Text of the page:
You may not realize this, but Amazon is more than just the world’s largest e-tailer and distributor of popular products like the Fire TV streaming stick and Echo talking speakers.
Via its Amazon Web Services division, the company provides the data backbone for industry (Avis, Samsung, GE), the government (Department of Defense, NASA, the state of Arizona), financial institutions (Liberty Mutual and Capital One) and more.
So when Capital One disclosed this week that its servers had been hacked by a former Amazon employee affecting more than 100 million customers and compromising information such as Social Security numbers, credit scores and credit card transaction data, attention turned to Amazon.
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What was Amazon’s role?
Amazon, after all, provided the backup for Capital One, a fact the bank giant touted on the Amazon AWS website. Via AWS, “Capital One turns data into insights through machine learning, allowing the company to quickly innovate on behalf of its customers,” Amazon says on the AWS website.
Capital One was hacked big time, blaming the breach on a “firewall misconfiguration.”
But Amazon says it is not responsible.
“AWS was not compromised in any way and functioned as designed,” the company said in a statement. “The perpetrator gained access through a misconfiguration of the web application and not the underlying cloud-based infrastructure. As Capital One explained clearly in its disclosure, this type of vulnerability is not specific to the cloud.”
Emmanuel Schalit is an AWS customer. As the CEO of Dashlane, a password manager, he has his customers’ data backed up and stored in Amazon clouds, and he’s not concerned.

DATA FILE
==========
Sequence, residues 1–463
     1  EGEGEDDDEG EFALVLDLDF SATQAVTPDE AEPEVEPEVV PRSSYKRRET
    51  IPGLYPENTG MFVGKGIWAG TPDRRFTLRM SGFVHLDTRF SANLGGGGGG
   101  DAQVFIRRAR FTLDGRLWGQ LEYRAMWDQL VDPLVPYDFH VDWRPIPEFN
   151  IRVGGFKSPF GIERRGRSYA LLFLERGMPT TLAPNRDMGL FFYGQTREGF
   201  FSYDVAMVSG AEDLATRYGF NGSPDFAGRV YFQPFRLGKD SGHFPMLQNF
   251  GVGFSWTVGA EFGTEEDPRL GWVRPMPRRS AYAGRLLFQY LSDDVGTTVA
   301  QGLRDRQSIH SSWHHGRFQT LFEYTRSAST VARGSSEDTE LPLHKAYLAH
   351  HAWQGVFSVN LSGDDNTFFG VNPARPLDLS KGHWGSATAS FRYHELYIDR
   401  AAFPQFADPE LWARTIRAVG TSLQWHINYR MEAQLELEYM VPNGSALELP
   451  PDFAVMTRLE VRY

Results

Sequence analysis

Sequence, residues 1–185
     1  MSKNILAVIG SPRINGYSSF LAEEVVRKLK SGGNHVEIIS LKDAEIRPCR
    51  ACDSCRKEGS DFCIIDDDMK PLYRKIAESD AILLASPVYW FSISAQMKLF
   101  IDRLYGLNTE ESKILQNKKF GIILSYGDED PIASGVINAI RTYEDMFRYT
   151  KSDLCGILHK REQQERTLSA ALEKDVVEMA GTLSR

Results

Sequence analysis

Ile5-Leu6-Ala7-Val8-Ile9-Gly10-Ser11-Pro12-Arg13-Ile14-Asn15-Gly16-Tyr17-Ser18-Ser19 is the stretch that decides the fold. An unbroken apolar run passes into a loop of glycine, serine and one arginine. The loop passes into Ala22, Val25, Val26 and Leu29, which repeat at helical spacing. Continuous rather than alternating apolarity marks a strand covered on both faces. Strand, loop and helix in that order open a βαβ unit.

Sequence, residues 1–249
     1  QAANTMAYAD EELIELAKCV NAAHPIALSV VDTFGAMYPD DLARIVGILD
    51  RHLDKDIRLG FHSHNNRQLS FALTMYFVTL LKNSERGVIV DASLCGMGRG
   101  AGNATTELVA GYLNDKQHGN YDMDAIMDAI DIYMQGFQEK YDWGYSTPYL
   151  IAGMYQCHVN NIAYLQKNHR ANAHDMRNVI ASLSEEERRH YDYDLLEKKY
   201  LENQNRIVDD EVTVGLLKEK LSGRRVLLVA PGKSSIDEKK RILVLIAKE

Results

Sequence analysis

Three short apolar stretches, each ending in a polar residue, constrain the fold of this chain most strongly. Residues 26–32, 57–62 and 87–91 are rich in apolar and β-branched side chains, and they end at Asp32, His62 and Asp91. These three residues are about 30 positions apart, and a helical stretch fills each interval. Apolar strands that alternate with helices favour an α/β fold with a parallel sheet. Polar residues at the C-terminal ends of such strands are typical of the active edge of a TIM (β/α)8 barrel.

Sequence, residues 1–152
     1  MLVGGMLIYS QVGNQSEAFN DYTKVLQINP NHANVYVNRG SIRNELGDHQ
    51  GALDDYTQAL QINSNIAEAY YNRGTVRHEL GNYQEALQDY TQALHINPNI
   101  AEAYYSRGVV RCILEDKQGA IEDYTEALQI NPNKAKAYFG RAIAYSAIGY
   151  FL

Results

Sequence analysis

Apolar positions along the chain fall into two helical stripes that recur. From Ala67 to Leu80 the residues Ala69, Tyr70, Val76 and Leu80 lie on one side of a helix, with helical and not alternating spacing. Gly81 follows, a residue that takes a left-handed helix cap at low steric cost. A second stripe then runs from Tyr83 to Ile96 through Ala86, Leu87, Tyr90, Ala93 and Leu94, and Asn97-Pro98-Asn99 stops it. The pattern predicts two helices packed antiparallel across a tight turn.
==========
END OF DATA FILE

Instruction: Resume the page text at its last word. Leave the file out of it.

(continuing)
It is not the responsibility of a cloud provider like Amazon, Google or Microsoft to “secure what we built, it’s ours,” he says. “We build our security on top of theirs, and AWS is probably the best in security now.” What happened “doesn’t diminish our level of trust in AWS.”
Mark McCreary, chief privacy officer for Philadelphia-based law firm Fox Rothschild, which also uses AWS, agrees. “You need to configure the security correctly. Somebody made a mistake. This is not Amazon’s fault.”
What’s a consumer to do?
Beyond freezing your credit card and changing your passwords, there’s not much else you can do, says Brian Krebs, who runs the Krebsonsecurity.com blog.
“This is kind of out of their hands,” he says. “They can ask questions about their data, but they probably won’t get answered.”
He says there are breaches every day with our data, “and there needs to be more accountability when they screw up like this in a big way. That’s the only thing that will drive change.”
Amazon dominates the cloud computing segment in much of the same way as it overpowers e-commerce. The company has a 47.8% market share, according to market tracker Gartner, followed by 15.5% for Microsoft, 7.7% for China’s Alibaba, 4% for Google and 1.8% for IBM.
Other companies that work with AWS include Zynga, Unilever, Pfizer, GE, Brooks Brothers, Lululemon, Hyundai, Sony and Vodafone.
Associated Press contributed to this story.
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